Publications
Published 2021
The Local Human Capital Costs of Oil Exploitation
This paper explores the impacts of oil exploitation on human capital accumulation at the local level in Colombia, a resource-rich developing country. We provide evidence based on detailed spatial and temporal data on oil exploitation and education, using the number of wells drilled as an intensity treatment at the school level. To find causal estimates we rely on an instrumental variable approach that exploits the exogeneity of international oil prices and a proxy of oil endowments at the local level. Our results indicate that oil has a negative impact on human capital since it reduces enrollment in higher education. Furthermore, it generates a delay in the decision to enroll in higher education and leads students to prefer technical areas of study and programs in social science, business, and law. However, we do not find any effects on quality or tertiary education completion. Our results are robust to a number of relevant specification changes and we stress the role of local markets and spillovers as the main transmission channel. In particular, we find that higher oil production causes an increase in formal wages but that there is no premium to tertiary education enrollment.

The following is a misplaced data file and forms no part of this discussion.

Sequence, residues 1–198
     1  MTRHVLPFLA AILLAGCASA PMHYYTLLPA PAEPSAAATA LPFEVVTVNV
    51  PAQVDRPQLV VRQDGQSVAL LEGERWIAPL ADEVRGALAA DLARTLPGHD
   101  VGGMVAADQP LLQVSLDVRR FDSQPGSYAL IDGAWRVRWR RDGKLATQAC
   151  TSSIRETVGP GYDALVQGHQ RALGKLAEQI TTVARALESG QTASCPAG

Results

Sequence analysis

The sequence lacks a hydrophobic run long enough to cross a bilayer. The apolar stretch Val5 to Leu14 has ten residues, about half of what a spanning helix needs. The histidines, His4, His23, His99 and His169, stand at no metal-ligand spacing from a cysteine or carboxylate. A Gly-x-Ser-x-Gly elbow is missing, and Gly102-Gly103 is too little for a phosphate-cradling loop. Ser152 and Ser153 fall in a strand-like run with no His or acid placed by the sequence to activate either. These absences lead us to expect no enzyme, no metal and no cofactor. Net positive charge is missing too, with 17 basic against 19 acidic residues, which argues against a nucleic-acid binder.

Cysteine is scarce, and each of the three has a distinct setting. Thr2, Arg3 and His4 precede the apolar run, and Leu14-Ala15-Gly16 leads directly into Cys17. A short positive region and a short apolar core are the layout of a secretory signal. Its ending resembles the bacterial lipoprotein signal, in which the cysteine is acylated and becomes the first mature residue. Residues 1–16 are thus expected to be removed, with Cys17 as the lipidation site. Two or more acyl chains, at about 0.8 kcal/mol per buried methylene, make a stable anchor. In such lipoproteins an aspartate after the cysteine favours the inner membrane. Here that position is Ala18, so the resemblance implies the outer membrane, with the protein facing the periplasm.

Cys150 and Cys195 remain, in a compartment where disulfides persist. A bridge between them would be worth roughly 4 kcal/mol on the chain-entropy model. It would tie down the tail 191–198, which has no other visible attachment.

Publications
Published 2021
Educación superior y COVID-19 en América Latina y el Caribe: financiamiento para los estudiantes